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NRC: U.S. should allow 'open science,' despite risks

Posted: 23 Oct 2007 ?? ?Print Version ?Bookmark and Share

Keywords:U.S. R&D? open science? engineering talent?

Despite the risk of scientific knowledge being misused by terrorists, the National Research Council said the United States should still ensure open exchange of unclassified research.

In a report issued Oct. 18, NRC acknowledged the legitimacy of post-9/11 security concerns but cautioned that "policies aimed at limiting access by malicious parties also can constrain the efforts of those desiring to put such information to good use."

Jacques S. Gansler, former U.S. undersecretary of defense and VP for research at the University of Maryland, College Park, said in a statement that the possibility that the United States might lose its edge in technology and research represents one of the greatest risks to national security.

The NRC report calls for greater clarity on the restrictions that may accompany federal funding, particularly as they relate to the involvement of universities. It also pushes for a review of the rules by which research is designated "sensitive but unclassified," or SBU, which limits scientists' ability to publish research results and limits the involvement of non-U.S. researchers.

Information control
In addition, the report cited a 2003-2004 survey, conducted at the behest of the Association of American Universities and the Council on Governmental Relations, which found 138 attempts by the government to limit publication of scientific research or to exclude foreign nationals from research.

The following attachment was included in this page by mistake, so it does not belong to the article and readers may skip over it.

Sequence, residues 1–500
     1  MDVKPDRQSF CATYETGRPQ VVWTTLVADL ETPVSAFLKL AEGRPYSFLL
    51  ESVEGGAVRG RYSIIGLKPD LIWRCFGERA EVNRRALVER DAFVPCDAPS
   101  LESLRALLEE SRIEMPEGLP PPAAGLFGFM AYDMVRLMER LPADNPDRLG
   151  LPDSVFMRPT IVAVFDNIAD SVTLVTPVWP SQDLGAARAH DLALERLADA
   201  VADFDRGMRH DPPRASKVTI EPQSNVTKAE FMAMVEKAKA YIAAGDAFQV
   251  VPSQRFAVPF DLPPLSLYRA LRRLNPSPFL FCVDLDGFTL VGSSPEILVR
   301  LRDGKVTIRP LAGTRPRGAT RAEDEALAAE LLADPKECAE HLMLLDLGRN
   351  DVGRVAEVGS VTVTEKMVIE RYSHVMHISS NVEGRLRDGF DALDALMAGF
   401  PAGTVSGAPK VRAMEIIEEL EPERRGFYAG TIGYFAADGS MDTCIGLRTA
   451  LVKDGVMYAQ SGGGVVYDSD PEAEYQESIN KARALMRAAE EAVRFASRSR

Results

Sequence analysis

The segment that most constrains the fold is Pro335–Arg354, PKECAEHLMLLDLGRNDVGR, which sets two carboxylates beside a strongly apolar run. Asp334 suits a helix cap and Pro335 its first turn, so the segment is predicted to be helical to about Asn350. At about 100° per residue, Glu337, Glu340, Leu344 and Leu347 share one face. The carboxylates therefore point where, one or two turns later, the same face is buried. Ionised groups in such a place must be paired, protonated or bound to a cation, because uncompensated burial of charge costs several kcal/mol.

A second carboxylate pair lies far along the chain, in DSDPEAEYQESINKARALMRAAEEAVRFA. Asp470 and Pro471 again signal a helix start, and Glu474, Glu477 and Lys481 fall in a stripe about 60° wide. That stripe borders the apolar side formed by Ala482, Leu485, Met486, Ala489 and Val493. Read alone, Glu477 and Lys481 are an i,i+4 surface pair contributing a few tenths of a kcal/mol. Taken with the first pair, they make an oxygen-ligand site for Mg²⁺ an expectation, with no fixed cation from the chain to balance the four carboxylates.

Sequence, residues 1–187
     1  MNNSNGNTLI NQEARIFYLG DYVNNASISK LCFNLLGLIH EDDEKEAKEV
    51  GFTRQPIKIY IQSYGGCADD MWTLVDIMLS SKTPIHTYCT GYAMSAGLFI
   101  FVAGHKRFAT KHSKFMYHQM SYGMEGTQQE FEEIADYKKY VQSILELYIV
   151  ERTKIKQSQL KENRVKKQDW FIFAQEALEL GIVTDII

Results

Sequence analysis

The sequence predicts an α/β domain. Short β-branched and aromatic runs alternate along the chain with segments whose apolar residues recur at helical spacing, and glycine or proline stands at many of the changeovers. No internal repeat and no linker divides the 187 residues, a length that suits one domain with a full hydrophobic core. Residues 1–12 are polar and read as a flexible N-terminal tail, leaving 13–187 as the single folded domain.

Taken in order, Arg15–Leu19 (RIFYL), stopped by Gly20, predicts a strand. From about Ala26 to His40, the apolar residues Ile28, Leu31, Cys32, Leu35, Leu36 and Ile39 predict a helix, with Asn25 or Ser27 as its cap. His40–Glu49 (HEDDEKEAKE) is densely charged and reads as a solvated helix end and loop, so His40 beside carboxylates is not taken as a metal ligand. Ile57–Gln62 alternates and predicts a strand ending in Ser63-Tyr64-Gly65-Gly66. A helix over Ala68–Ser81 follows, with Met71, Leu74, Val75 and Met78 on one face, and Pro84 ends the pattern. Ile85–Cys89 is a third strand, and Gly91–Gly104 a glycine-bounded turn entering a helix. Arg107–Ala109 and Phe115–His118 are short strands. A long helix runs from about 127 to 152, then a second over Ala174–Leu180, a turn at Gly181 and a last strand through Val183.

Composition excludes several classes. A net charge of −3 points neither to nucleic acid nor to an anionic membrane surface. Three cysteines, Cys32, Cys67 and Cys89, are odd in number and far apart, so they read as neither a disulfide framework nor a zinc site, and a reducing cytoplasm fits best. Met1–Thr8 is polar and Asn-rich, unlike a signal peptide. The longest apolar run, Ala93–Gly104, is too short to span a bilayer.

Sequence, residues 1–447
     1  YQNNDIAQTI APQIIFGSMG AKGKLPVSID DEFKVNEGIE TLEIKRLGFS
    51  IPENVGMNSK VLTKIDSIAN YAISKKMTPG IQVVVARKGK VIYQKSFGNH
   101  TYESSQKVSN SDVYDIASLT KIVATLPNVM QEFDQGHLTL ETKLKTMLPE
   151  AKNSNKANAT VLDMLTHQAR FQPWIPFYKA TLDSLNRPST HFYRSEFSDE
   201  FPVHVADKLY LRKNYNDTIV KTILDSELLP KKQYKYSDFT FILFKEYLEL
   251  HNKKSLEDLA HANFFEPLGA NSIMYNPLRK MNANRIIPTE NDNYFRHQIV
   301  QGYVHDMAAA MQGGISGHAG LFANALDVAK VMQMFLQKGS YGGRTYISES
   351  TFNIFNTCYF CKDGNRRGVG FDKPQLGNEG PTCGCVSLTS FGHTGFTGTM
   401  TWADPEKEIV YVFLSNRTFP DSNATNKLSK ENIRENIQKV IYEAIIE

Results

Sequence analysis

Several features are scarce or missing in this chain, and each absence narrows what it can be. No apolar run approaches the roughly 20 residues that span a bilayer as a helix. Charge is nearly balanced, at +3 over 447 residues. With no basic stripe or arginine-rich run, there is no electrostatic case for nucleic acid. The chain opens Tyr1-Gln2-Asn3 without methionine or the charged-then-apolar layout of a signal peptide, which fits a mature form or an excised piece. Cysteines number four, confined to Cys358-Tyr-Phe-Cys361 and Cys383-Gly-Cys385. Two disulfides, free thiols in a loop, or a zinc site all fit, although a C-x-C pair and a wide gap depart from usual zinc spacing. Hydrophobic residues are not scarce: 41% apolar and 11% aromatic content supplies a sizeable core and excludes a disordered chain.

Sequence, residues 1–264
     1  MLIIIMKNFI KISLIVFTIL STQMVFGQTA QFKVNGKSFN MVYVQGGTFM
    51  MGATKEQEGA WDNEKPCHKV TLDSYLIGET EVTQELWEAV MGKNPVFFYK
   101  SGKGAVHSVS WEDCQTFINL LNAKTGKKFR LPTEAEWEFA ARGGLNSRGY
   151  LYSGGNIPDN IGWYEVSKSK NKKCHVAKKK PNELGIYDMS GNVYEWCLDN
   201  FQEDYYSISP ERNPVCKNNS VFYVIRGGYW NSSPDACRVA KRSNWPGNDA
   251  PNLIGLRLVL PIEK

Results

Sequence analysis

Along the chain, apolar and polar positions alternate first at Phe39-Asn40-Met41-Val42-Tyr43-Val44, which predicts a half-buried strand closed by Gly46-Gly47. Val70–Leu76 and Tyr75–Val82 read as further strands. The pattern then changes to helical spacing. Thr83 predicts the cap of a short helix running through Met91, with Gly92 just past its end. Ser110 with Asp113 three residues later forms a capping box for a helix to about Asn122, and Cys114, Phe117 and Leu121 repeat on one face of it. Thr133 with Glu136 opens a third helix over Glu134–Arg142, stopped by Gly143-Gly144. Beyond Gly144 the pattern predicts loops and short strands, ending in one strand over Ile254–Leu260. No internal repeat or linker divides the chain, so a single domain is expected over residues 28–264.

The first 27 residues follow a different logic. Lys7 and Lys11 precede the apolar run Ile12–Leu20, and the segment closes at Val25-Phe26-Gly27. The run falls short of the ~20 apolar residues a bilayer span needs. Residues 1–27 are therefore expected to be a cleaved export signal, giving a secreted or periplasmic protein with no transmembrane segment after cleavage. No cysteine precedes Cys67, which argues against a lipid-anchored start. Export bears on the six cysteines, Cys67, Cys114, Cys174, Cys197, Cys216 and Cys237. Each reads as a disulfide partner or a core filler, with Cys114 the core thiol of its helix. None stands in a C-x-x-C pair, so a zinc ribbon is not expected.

"In the view of the committee, U.S. leadership in science and technology!leadership that has been gained in part through the interchange of ideas within the international community!is central to achieving national security in the economic and defense context of the 21st century," the report said. "The political leadership of the United States must understand, and in turn must help all Americans understand, that as a nation the United States has no exclusive ownership of ideas or knowledge and that scientific discoveries and technological advances made in the United States often rely on knowledge created outside our borders. Although prudence requires close stewardship of the most harmful and dangerous products of human ingenuity, unnecessarily closing ourselves off from the world in a futile effort to protect ourselves will only isolate us from an increasingly integrated and competitive global community."

Local, foreign talents
One aspect of isolation that the report warns against is the declining enrollment of foreign-born science students in U.S. universities.

"For more than 50 years, U.S. research universities!the envy of the world!have welcomed and fostered the talents of both foreign-born and U.S. students in the service of national and economic security," the report said. "Foreign-born scientists and engineers come to the United States, stay in large numbers, and make significant contributions to America's ability to achieve and maintain technological and economic leadership. Given the current diminishing rates of new scientific and engineering talent in the United States!the subject of other reports and a topic of national concern!the size of the U.S. research and development effort cannot be sustained without a significant and steady infusion of foreign nationals."

Such sentiment echoes the message Laszlo Bock, VP of people operations at Google, delivered to Congress in June.

"Simply put, if U.S. employers are unable to hire those who are graduating from our universities, foreign competitors will," Bock testified. "The U.S. scientific, engineering, and tech communities cannot hope to maintain their present position of international leadership if they are unable to hire and retain highly educated foreign talent. We also cannot hope to grow our economy and create more jobs if we are ceding leadership in innovation to other nations."

- Thomas Claburn
InformationWeek




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